'Listen to me. Since I have been waiting, for women, that’s for, one centimetre more than I am dilated, have come and gone with their babies. I’m next. It’s my turn. It’s only fair!! If you bring in one more woman and she has her baby before me, I’m going to sue you! (the nurse looks a bit scared) Not this hospital, I’m going to sue you!' - Rachel Green, Friends
At my forty one week appointment with the midwife she booked me in for an induction for five days after. I had a sweep at forty weeks (where she said I was 1cm dilated) and again at my forty one week appointment both failed to start my labour off. The first made me physically sick and the second sweep managed to get my mucus plug to start coming away.
I arrived at the hospital at 1pm on the 25th of October 2016. I got examined and monitored then they inserted the 24 hour pessary. I had been getting slight cramping for two weeks but nothing more which I put down to Braxton Hicks. The cramps got a tiny bit more often but I didn't think anything of it. I was surrounded by women who went into labour and were wheeled down to the delivery suits. It got to 10am the next morning and I had four...yes FOUR women get into the bed next to mine and then go down to the delivery suites. There were three others in my ward that also went down leaving me sat there with no contractions having a Rachel from friends moment (See quote above). At half four that afternoon I had my pessary removed and I settled back onto my bed waiting to go down to the labour ward to have the hormone drip to start off my contractions.
I didn't go down to the labour ward until half one the next morning. In between having my pessary removed and then, I had started getting stronger cramps which I had to walk around to distract myself from. The midwife monitored baby and I had a cannula put into my hand (after two failed attempts...ouch). I had the drip started at around half past three in the morning, the cramps become stronger and closer together, I tried being in different positions but none helped so I stayed laying down. I had a anti-sickness injection after I threw up (not for the last time that day) in my left thigh and then an our later I opted for Diamorphine to help with the pain. At five in the morning I got the gas and air which helped to distract me rather than take away any pain.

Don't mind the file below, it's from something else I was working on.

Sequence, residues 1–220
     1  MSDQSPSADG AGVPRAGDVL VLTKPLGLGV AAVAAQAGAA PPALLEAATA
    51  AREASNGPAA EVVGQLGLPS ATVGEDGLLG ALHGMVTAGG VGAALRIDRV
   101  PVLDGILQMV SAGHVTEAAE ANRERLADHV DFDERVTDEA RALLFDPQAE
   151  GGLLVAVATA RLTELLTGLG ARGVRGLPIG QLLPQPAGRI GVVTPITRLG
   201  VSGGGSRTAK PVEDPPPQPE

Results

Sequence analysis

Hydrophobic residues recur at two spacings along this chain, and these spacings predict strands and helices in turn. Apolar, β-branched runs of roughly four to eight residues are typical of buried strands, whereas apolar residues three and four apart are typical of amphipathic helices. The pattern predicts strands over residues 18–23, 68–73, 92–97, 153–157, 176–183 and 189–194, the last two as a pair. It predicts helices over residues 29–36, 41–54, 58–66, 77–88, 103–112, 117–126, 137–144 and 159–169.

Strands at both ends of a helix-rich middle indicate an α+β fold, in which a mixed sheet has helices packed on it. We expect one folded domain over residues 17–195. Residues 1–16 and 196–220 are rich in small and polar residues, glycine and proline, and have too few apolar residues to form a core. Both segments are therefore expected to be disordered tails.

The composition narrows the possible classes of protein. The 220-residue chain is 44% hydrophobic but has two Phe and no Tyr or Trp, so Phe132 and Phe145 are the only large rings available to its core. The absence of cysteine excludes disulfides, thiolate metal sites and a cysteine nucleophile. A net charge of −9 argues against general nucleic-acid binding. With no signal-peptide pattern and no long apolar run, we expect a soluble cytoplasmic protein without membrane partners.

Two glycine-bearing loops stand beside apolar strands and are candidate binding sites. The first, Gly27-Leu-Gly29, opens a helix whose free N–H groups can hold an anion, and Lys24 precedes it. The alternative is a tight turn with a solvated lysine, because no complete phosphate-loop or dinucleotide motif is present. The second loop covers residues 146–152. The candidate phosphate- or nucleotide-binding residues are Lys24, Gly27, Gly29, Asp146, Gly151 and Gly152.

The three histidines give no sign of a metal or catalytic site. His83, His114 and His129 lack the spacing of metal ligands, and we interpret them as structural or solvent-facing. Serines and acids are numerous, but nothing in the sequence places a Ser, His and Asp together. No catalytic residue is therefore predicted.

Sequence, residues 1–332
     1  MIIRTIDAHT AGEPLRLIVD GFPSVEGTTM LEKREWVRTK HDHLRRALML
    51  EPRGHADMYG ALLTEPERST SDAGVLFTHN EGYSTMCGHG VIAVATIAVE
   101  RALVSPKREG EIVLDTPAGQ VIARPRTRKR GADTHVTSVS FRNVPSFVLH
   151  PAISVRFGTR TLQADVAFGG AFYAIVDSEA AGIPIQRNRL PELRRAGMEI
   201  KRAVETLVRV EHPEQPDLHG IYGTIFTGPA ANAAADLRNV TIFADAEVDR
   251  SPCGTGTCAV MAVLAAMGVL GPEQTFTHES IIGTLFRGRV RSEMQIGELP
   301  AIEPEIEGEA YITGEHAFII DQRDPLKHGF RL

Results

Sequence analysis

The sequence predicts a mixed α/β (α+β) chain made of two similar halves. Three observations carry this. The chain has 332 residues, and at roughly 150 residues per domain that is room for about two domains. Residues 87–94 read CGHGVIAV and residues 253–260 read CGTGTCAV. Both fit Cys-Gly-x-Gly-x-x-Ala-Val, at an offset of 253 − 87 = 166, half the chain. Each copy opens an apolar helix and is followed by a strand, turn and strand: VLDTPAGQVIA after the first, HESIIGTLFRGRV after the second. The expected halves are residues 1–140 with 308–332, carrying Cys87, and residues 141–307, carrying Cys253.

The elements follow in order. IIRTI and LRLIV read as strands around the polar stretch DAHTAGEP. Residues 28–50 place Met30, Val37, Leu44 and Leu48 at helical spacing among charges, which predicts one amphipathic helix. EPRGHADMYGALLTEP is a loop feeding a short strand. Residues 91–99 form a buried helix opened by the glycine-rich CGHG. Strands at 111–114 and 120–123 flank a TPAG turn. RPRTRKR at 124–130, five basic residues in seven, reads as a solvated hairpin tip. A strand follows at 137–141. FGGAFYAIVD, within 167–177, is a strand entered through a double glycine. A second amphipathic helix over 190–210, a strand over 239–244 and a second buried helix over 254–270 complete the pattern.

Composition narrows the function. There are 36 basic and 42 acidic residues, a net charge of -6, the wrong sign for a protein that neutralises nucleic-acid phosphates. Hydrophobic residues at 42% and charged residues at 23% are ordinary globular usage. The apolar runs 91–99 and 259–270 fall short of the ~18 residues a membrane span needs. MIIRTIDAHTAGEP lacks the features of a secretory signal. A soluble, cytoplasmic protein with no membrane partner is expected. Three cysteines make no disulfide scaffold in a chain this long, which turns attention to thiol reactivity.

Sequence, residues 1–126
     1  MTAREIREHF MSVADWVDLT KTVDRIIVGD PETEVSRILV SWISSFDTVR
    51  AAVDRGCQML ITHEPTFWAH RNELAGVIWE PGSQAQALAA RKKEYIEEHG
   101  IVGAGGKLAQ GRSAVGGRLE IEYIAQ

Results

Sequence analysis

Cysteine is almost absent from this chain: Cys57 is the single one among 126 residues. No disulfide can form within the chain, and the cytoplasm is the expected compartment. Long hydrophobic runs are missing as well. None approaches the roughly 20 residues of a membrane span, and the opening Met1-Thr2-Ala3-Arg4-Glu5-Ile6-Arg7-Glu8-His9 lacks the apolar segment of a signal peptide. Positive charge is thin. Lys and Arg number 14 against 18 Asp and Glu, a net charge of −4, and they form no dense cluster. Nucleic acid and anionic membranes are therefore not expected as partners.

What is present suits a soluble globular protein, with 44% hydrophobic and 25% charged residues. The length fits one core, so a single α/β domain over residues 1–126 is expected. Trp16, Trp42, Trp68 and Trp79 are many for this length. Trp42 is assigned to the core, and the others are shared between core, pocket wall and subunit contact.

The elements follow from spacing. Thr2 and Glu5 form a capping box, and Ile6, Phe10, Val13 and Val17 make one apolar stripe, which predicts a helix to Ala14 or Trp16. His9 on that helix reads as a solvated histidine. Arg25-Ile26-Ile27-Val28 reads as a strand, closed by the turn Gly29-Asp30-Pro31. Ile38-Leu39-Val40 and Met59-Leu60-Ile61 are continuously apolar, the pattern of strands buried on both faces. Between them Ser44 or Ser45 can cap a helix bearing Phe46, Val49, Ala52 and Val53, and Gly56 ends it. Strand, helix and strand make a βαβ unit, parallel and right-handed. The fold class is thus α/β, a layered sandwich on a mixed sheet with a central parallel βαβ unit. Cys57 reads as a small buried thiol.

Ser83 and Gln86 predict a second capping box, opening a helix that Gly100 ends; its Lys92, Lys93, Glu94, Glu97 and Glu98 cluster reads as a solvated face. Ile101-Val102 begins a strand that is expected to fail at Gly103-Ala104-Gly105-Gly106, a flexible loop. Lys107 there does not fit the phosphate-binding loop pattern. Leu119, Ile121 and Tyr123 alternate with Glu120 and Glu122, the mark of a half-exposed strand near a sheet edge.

My mum arrived at six and she massaged my back and held my hand. My boyfriend did as much as he could but neither of us had slept since the night before so he had a couple of cat naps which I don't blame him for. In between contractions I kept falling asleep and snoring much to the amusement of the midwife who apparently couldn't believe I was sleeping through most of my labour. According to my boyfriend all you could see was me sucking the gas and air then falling asleep, then sucking the gas and air again. At eight when my midwife was changing over the new midwife checked me and told me I was five centimetres, to which I thought 'Ok it'll be at least five more hours' Only two hours later the words 'I feel like I need to poo out of my foof' came out of my mouth and just as soon as the midwife had put the monitoring clip onto babies head, her head came popping out (My boyfriend was unfortunately looking at that point and had to swap places with my mum) less than a minute later baby A was here and on my chest (Born 27th October 2016 at 10:27am). My mum cut the cord and I couldn't believe she was finally here.
The downside to her coming out so quickly was that I suffered a forth degree tear (ouch) and had to go into surgery to stitch it up. I had a spinal block and was in surgery for two whole hours, leaving baby A screaming and her dad not knowing what to do. As soon as I was out of surgery I got baby A back and fed her...Not before being sick again.
My birth story isn't the water birth I imagined, it wasn't perfect and I didn't get the uninterrupted skin to skin for an hour after her birth. Instead I have a birth story which isn't perfect but it's a day I will never forget, a day I will treasure forever...even if I did end up bleeding all over the floor of the delivery room.